Fire Safety Plans | ROI Beyond Code Compliance

March 13, 2012

How can a fire-safety plan contribute to your ROI?  More than just code compliance, an effective fire safety plan can benefit your bottom line.


Let’s look at the benefits of maintaining a professional, up-to-date fire safety plan and the return on investment for building owners and facility managers.

How can a fire-safety plan contribute to your ROI?  More than just code compliance, an effective fire safety plan can benefit your bottom line.

Let’s look at the benefits of maintaining a professional, up-to-date fire safety plan and the return on investment for building owners and facility managers.

Building-owner benefits

Fire-safety plans can save lives and eliminate red tape if there is an incident in your building.

Implementing a fire-safety plan may seem daunting, but once a plan is established it needs only an annual update. Fire-safety plans provide valuable life-safety information for occupants, property managers, building owners, and firefighters. 

A properly constructed fire-safety plan includes detailed instructions about how to inspect and test life-safety systems, equipment, fire drill procedures, and emergency instructions.  The fire code requires that building owners test systems to ensure readiness. Adherence ensures building owners are compliant and are effectively protecting employees, building occupants and the corporate reputation.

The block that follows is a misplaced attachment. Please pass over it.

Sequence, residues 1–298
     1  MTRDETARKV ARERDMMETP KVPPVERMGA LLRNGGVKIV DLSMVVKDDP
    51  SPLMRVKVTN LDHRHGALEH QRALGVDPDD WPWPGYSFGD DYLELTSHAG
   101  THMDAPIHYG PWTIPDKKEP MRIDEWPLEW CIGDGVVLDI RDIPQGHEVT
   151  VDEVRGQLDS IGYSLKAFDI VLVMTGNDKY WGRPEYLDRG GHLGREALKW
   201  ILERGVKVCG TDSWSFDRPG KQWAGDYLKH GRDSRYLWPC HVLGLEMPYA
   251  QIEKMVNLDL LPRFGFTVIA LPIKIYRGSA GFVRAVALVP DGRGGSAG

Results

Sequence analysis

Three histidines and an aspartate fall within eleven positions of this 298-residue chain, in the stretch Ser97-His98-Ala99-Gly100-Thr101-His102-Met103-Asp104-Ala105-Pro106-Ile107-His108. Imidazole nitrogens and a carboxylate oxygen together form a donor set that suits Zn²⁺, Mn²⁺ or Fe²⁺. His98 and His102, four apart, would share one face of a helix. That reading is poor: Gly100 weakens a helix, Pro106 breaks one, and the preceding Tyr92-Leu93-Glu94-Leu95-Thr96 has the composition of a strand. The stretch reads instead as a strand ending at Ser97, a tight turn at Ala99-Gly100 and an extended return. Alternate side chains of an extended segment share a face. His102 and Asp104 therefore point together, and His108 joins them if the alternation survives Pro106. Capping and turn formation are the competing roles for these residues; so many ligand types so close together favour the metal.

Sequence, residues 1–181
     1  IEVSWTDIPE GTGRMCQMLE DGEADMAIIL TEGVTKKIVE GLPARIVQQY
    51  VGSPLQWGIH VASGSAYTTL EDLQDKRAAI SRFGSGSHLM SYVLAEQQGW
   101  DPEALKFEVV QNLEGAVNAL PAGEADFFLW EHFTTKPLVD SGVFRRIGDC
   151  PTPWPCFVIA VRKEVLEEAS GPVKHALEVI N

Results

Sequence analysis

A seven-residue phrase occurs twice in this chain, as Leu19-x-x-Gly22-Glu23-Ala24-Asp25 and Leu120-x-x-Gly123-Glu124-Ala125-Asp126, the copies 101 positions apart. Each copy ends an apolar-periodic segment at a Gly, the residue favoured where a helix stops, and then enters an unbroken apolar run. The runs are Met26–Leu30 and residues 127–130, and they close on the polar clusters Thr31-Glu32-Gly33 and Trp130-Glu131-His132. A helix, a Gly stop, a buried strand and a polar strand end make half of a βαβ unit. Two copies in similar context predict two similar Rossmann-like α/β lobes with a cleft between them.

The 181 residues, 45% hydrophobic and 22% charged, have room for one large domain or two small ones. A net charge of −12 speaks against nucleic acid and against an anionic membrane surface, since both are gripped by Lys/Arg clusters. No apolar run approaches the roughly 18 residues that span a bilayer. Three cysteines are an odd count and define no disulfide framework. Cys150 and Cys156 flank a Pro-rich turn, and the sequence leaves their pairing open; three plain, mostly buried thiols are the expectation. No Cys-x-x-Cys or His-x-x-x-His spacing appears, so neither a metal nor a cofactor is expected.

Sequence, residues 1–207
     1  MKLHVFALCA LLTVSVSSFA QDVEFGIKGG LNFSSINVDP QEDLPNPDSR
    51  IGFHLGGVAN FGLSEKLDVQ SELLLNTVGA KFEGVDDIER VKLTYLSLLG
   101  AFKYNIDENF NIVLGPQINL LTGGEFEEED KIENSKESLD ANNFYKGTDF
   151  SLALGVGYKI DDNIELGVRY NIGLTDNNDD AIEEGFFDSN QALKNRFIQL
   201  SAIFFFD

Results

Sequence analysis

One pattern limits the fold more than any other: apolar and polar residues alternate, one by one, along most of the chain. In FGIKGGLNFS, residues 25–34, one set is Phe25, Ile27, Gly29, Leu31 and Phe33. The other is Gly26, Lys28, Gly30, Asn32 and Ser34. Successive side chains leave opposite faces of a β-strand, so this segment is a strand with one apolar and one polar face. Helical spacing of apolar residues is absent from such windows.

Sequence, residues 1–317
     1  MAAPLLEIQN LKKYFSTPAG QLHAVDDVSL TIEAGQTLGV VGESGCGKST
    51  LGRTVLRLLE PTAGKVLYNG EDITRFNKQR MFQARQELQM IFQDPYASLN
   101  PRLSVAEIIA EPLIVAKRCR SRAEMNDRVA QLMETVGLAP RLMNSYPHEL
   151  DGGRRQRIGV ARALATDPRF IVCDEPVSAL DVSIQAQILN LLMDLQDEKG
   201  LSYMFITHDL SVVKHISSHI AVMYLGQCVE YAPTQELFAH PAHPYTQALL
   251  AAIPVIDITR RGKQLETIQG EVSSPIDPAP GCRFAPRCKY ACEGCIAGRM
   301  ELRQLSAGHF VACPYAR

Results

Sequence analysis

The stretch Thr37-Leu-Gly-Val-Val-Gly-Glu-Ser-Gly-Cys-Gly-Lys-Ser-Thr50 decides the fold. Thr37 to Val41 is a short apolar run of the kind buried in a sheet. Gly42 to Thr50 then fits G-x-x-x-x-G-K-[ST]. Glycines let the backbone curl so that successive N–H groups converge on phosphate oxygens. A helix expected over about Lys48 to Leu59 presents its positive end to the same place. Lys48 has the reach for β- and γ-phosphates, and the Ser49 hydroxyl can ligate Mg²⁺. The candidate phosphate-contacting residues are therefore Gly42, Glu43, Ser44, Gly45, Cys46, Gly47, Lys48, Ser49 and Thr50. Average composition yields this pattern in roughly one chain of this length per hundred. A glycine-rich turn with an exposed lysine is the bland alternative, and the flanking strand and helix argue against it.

A direct benefit of a well-appointed fire-safety plan is the opportunity to attract prospective clients such as corporations looking to lease space,or individuals looking to purchase a home. Proactive due diligence with consideration to the status of building life-safety systems and emergency management programs in their decisions is a growing trend that cannot be overlooked.   A property owner’s reputation when it comes to safety is an important consideration for prospective clients.